The 18 Best At-Home Chemical Peels for Professional-Grade Results

Softer skin ahead.

collage of some of the best at home chemical peels including Dr Dennis Gross and Lancer
(Image credit: Brittany Holloway-Brown/Future)

Some treatments are best left to the pros—and an intense chemical peel with glycolic, lactic, or salicylic acid is most definitely one of them. Don’t test your fate (or face) with at-home experiments. But, that’s not to say that chemical face exfoliators won’t give you the same glow-boosting, skin-evening benefits via a safer medium. The best at-home chemical peels are much gentler, won’t require downtime, and will typically be delivered through peel pads, serum-like liquids, or wash-off formulas. Granted, it may take a bit longer to notice a smoother texture or faded dark spots, but incorporating one into your routine is 100 percent worth it in the long run. 

At-home chemical peels vary in strength and ingredients, but most aim to deeply exfoliate the skin to get rid of fine lines and wrinkles, improve brightness, and lift away unwanted discoloration and brown spots. 

Ahead, experts and Marie Claire beauty editors share exactly what to look for in a safe at-home chemical peel, and share the best versions they've tested. (If you’re interested in more professional-grade at-home treatments, check out Marie Claire's favorite LED masks, keratin treatments, and dermaplaning tools.)

What to Look for in a Chemical Peel

  • Type of Acid

When choosing a DIY peel, your skin type should be your first consideration. "Look at the acids in the peel, and make sure they target the issue you are trying to remedy," Dr. Engelman says. For example, someone with acne-prone skin might want to seek out a salicylic acid peel, while someone with sensitive skin looking to target hyperpigmentation is better suited with glycolic acid.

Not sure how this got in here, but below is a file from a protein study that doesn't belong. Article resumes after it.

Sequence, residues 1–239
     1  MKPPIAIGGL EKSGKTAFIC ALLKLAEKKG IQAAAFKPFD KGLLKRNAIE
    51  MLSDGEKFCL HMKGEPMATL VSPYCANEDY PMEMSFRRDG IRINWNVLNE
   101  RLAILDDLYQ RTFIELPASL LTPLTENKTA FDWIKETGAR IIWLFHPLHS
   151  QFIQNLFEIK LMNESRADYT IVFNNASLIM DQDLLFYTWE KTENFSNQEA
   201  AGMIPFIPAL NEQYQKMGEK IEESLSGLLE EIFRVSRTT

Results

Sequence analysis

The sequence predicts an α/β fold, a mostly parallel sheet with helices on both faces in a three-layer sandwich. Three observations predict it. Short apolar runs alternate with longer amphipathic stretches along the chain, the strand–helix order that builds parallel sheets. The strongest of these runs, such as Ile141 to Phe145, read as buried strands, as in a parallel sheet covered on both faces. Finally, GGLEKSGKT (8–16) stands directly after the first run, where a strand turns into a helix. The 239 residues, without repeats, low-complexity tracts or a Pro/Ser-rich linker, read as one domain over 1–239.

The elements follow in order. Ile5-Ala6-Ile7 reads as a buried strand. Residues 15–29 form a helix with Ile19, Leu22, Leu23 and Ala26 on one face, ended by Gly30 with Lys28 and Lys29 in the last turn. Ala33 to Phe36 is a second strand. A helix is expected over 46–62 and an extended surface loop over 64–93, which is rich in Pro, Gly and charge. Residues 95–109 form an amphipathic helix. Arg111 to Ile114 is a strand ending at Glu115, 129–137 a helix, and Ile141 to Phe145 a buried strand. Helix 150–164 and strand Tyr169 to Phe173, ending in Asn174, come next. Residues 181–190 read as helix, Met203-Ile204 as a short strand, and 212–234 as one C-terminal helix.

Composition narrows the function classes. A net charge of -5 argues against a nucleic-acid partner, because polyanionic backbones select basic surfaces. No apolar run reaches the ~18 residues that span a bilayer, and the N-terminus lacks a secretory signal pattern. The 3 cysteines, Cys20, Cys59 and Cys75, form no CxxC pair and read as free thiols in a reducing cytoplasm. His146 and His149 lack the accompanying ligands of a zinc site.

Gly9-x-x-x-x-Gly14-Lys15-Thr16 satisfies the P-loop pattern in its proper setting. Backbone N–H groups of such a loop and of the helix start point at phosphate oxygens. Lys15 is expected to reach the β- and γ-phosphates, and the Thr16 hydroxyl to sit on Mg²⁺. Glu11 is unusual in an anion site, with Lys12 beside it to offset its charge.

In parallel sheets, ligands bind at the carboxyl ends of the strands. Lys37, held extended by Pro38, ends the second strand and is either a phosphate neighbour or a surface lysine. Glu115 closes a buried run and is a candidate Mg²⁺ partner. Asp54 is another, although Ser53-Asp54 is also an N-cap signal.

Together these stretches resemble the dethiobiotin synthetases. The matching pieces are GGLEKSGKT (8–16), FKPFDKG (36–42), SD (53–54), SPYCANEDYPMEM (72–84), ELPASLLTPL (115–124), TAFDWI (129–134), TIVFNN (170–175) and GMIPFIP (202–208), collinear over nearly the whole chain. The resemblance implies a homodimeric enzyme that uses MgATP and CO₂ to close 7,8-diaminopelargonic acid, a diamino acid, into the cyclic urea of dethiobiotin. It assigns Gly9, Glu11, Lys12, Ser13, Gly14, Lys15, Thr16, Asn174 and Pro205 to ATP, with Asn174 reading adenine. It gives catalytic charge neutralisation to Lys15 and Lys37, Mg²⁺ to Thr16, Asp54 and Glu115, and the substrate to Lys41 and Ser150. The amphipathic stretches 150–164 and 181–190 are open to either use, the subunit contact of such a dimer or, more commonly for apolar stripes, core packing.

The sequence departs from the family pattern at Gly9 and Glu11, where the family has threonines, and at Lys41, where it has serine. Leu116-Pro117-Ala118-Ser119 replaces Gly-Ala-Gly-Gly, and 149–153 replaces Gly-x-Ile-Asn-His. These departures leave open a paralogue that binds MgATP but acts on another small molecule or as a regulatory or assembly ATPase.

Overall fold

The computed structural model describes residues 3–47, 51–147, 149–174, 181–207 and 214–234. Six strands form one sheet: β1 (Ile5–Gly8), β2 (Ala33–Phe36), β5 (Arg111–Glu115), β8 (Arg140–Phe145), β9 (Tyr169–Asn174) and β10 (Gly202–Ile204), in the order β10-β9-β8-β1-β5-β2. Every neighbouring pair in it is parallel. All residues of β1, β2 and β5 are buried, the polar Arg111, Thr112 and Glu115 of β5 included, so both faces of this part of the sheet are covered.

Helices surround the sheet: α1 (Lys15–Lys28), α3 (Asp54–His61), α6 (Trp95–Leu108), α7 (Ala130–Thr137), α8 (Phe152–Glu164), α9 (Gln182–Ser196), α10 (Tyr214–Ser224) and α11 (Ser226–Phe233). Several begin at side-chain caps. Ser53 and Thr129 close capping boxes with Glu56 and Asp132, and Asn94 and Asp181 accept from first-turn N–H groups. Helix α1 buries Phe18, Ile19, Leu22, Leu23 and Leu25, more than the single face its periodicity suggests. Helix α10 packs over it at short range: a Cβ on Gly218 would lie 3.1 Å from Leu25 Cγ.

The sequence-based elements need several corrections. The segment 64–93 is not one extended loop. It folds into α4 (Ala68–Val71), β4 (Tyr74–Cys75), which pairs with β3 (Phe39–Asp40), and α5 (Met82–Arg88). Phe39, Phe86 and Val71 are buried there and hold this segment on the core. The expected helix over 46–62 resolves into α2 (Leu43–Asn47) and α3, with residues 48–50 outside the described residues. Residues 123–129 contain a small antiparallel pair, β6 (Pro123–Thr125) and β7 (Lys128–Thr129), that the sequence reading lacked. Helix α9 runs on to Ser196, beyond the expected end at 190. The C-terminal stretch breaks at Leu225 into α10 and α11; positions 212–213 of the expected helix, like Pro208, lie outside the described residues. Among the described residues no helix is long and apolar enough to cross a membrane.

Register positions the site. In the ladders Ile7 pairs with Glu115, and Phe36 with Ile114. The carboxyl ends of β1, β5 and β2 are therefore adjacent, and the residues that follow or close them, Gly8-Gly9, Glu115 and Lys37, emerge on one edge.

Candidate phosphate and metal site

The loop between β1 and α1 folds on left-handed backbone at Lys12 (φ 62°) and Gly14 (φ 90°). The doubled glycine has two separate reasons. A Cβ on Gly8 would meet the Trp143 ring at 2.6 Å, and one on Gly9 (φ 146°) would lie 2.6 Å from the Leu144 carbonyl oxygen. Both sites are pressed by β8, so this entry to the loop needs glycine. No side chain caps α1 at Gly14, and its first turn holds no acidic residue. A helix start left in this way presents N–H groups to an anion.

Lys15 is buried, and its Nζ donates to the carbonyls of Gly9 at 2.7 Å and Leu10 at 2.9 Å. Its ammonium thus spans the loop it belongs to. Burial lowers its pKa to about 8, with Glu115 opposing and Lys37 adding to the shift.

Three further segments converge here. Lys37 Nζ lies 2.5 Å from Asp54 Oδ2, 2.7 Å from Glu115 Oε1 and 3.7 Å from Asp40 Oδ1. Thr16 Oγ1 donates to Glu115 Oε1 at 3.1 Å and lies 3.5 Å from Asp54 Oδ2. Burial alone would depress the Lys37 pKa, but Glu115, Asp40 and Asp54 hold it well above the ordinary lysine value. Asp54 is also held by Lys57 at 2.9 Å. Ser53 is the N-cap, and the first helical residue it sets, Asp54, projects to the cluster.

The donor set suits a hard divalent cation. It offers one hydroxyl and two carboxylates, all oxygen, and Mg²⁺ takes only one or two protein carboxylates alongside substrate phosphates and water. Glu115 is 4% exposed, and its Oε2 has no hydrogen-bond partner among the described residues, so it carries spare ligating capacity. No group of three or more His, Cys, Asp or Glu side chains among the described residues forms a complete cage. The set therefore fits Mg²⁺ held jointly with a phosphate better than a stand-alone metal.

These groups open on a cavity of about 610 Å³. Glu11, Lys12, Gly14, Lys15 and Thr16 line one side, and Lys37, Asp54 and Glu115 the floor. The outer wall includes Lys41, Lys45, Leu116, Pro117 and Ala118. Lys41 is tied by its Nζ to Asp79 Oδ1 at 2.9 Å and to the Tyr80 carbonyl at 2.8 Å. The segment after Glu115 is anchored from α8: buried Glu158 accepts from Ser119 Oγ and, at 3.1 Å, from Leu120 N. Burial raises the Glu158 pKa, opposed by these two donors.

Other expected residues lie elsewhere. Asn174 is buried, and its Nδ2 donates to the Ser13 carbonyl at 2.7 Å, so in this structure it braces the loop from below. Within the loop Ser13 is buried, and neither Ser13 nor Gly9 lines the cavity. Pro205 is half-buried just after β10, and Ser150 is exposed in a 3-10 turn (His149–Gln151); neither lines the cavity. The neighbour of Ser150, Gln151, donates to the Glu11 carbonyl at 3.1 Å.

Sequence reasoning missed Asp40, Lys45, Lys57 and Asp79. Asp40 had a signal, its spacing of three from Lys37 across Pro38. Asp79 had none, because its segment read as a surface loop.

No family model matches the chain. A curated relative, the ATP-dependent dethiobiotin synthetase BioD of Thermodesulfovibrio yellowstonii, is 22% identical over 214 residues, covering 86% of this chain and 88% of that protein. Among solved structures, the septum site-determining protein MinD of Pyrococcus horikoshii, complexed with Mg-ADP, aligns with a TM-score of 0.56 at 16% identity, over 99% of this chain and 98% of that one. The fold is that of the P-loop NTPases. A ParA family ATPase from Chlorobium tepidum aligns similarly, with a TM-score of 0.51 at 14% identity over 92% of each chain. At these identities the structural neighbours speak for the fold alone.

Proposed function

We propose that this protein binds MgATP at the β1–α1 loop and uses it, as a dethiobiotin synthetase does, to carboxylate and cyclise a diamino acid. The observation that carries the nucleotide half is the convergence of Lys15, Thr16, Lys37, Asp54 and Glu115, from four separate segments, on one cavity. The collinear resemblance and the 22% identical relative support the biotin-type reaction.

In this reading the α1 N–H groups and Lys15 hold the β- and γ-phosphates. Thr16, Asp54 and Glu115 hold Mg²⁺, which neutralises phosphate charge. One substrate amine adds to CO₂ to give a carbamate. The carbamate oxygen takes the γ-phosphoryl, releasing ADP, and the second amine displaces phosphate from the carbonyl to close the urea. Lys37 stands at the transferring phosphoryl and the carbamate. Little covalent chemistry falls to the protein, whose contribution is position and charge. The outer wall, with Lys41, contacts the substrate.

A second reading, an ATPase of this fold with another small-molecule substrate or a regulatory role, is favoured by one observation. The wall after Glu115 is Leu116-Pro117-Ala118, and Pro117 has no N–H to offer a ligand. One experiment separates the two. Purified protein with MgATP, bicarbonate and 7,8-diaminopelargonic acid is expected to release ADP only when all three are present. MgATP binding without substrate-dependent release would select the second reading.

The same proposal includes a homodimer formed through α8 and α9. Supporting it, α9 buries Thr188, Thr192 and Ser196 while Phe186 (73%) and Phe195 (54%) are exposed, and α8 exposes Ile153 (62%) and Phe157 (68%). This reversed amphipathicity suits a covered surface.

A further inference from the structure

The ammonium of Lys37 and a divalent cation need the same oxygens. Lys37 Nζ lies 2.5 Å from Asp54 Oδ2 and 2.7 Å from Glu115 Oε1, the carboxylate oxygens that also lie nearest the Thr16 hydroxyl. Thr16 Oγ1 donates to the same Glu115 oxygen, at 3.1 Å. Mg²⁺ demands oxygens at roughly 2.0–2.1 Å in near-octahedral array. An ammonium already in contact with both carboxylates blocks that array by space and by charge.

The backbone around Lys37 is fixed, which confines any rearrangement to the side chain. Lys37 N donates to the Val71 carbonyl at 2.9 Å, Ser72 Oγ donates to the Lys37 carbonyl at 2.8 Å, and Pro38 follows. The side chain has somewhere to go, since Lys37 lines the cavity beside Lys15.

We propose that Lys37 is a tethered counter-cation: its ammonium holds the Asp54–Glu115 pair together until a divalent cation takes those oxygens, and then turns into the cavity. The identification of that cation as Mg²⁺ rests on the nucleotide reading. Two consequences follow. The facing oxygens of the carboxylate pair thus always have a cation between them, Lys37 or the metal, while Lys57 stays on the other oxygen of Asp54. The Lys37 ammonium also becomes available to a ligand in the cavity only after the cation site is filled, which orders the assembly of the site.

• Strength of Acid 

The Cosmetic Ingredient Review Expert Panel recommends that companies use glycolic and lactic alpha-hydroxy acids in concentrations of 10 percent or less, in solutions with a pH of 3.5 or greater, when formulating consumer products. As for salicylic acid? Two percent is the maximum concentration in over-the-counter products.

  • Medium

You're going to notice that the best at-home chemical peels on this list range from peel pads to overnight treatments. While the version you choose is in large part personal preference, it's worth noting that short-term, wash-off products will typically have less of an impact than leave-on formulas that can work overnight. However, the latter is necessarily better. Wash-off products are generally ideal for more sensitive or dry skin types. 

Is an At-Home Chemical Peel Safe?

First, a reminder: Using a professional-grade product at home is unsafe. Those high intensity acids should only be used by doctors.

“Due to a wave of how-to YouTube videos and consumer accessibility and professional products available through vendors like Amazon, I am seeing more and more instances of serious damage done to skin—all in a patient's own bathroom," says Dr. Dennis Gross, board-certified dermatologist and founder of Dr. Dennis Gross Skincare. "Higher concentrations of acid must be administered by a licensed professional; they can damage skin if they're not neutralized properly." That said, using a peel pad, mask, or serum specifically designed for at-home use is a-OK

The Best At-Home Chemical Peels

At-Home Chemical Peel vs. Professional Chemical Peel

At-home chemical peels formulas have lower concentrations of acids (read: glycolic, lactic, salicylic), making them safer for at-home use. "In-office peels have stronger concentrations of acids, meaning greater immediate results," says Dr. Dendy Engelman, a board-certified dermatologist in New York City. "These need to be administered by a licensed practitioner, because of the potential to burn or irritate the skin," she says. 

How Often Should I Use an At-Home Chemical Peel?

"The biggest challenge is to not overwork the skin," says Dr. Engelman. “Excessive exfoliation will expose skin, weaken skin-barrier function and trigger inflammation. If the barrier function is damaged, skin becomes vulnerable to infection from microorganisms, such as bacteria and fungus, and leads to sensitivity and irritation."